Civil Rights History from the Ground Up
Local Struggles, a National Movement

Edited by Emilye Crosby

A spirited assessment of the state of civil rights history, by the leading scholars of the movement

Reviews

"Civil Rights History from the Ground Up, brilliant and rooted, provides the single most compelling interpretation of the African American freedom struggle in the South yet produced. National in scope, deep and concrete, empirical and analytical, clear and accessible, this collection clarifies virtually all the crucial scholarly debates while furnishing engaging examples for students and general readers. Crosby shows us a historic movement as deep as it is long, rooted in the black South, but speaking to the whole world."
—Timothy B. Tyson, author of Radio Free Dixie: Robert F. Williams and the Roots of Black Power

"Provides an insightful look at many of the crucial issues central to teaching and studying the movement, bringing to life why we must have a history that takes seriously the people at the heart of the movement. Engaging and accessible for non-specialists and thought-provoking for scholars, this well-written, feisty book offers cutting edge historiography, tools for teachers, and insights for all of us. It is a must read for anyone interested in the freedom struggle and in a just, democratic society."
—Julian Bond, founding member of SNCC and former chair of the NAACP


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Description

After decades of scholarship on the civil rights movement at the local level, the insights of bottom-up movement history remain essentially invisible in the accepted narrative of the movement and peripheral to debates on how to research, document, and teach about the movement. This collection of original works refocuses attention on this bottom-up history and compels a rethinking of what and who we think are central to the movement.

The essays examine such locales as Sunflower County, Mississippi; Memphis, Tennessee; and Wilson, North Carolina; and engage such issues as nonviolence and self-defense, the implications of focusing on women in the movement, and struggles for freedom beyond voting rights and school desegregation. Events and incidents discussed range from the movement’s heyday to the present and include the Poor People’s Campaign mule train to Washington, D.C., the popular response to the deaths of Rosa Parks and Coretta Scott King, and political cartoons addressing Barack Obama’s presidential campaign.

The kinds of scholarship represented here—which draw on oral history and activist insights (along with traditional sources) and which bring the specificity of time and place into dialogue with broad themes and a national context—are crucial as we continue to foster scholarly debates, evaluate newer conceptual frameworks, and replace the superficial narrative that persists in the popular imagination.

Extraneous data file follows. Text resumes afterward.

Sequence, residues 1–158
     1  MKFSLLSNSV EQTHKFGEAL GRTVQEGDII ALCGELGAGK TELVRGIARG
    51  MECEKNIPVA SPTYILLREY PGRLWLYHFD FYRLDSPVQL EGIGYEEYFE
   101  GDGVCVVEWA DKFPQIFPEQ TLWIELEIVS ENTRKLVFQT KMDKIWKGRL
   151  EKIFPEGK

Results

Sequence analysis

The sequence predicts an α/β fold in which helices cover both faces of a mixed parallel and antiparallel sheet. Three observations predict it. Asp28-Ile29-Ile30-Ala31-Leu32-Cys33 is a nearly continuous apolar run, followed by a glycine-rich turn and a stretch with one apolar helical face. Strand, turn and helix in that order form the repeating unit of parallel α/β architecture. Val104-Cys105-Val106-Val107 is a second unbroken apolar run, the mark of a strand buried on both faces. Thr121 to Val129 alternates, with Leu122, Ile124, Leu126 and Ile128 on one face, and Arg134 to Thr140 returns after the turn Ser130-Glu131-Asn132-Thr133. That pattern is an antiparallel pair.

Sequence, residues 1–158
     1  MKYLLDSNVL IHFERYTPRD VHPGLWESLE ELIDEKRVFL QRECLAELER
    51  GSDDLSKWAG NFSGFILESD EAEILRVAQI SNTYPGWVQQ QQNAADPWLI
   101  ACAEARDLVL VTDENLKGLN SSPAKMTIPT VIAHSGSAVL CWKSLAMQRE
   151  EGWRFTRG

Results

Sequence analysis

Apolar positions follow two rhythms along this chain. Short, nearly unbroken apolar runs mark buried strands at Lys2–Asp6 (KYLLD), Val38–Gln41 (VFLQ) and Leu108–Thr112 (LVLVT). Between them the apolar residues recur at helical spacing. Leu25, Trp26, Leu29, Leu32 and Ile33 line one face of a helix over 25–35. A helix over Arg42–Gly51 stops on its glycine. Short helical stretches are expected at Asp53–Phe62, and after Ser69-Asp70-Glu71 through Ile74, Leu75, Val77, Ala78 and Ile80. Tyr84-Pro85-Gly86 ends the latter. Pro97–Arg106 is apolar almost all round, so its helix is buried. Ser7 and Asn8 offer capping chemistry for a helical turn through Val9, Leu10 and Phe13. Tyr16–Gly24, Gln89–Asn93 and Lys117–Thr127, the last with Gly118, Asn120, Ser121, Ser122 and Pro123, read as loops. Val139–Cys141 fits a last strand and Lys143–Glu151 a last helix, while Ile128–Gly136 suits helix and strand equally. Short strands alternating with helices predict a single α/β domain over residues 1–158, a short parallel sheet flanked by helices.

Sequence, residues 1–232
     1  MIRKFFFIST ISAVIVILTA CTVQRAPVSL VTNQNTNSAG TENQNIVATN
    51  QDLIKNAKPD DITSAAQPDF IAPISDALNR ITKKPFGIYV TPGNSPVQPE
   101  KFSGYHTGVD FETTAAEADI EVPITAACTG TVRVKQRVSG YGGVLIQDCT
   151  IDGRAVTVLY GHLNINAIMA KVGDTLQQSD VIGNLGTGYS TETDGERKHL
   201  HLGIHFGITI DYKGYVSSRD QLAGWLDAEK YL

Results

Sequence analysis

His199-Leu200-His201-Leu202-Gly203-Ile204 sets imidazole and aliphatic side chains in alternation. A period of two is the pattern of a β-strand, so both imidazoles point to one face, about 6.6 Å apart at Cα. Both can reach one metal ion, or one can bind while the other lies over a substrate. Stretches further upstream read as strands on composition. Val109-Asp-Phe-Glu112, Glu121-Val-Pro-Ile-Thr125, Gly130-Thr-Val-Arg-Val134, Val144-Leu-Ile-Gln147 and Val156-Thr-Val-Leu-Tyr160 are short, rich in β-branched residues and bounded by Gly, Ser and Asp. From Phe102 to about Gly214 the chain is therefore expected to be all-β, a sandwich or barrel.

Contributors: Emilye Crosby, John Dittmer, Laurie B. Green, Wesley Hogan, Hasan Kwame Jeffries, Charles W. McKinney Jr., J. Todd Moye, Charles M. Payne, Judy Richardson, Robyn C. Spencer, Jeanne Theoharis, Amy Nathan Wright.

Table of Contents

List of Illustrations

Acknowledgments

Introduction: The Politics of Writing and Teaching Movement History
Emilye Crosby

Part One. Local Studies as Case Studies

1. Local People and National Leaders: The View from Mississippi
John Dittmer

2. Challenging the Civil Rights Narrative: Women, Gender, and the “Politics of Protection”
Laurie B. Green

3. Finding Fannie Corbett: Black Women and the Transformation of Civil Rights Narratives in Wilson, North Carolina
Charles W. McKinney Jr.

4. The 1968 Poor People’s Campaign, Marks, Mississippi, and the Mule Train: Fighting Poverty Locally, Representing Poverty Nationally
Amy Nathan Wright

Part Two. From Local Studies to Synthesis

5. Focusing Our Eyes on the Prize: How Community Studies Are Reframing and Rewriting the History of the Civil Rights Movement
J. Todd Moye

6. Freedom Now: Nonviolence in the Southern Freedom Movement, 1960–1964
Wesley Hogan

7. “It wasn’t the Wild West”: Keeping Local Studies in Self- Defense Historiography
Emilye Crosby

Part Three. Creating and Communicating Movement History: Methodology and Theory

8. Remaking History: Barack Obama, Political Cartoons, and the Civil Rights Movement
Hasan Kwame Jeffries

9. Making Eyes on the Prize: An Interview with Filmmaker and SNCC Staffer Judy Richardson
Emilye Crosby, interviewer and editor

10. “Sexism is a helluva thing”: Rethinking Our Questions and Assumptions
Charles M. Payne

11. Telling Freedom Stories from the Inside Out: Internal Politics and Movement Cultures in sncc and the Black Panther Party
Robyn C. Spencer and Wesley Hogan

12. “That Movement Responsibility”: An Interview with Judy Richardson on Movement Values and Movement History
Emilye Crosby, interviewer and editor

13. Accidental Matriarchs and Beautiful Helpmates: Rosa Parks, Coretta Scott King, and the Memorialization of the Civil Rights Movement
Jeanne Theoharis

14. Why Study the Movement? A Conversation on Movement Values and Movement History
Charles M. Payne

Conclusion: “Doesn’t everybody want to grow up to be Ella Baker?”: Teaching Movement History Emilye Crosby

Contributors

Index
Page count: 486 pp.
26 b&w photos, 11 illus.
Trim size: 6 x 9

 

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Emilye Crosby is a professor of history at the State University of New York at Geneseo. She is the author of A Little Taste of Freedom: The Black Freedom Struggle in Claiborne County, Mississippi.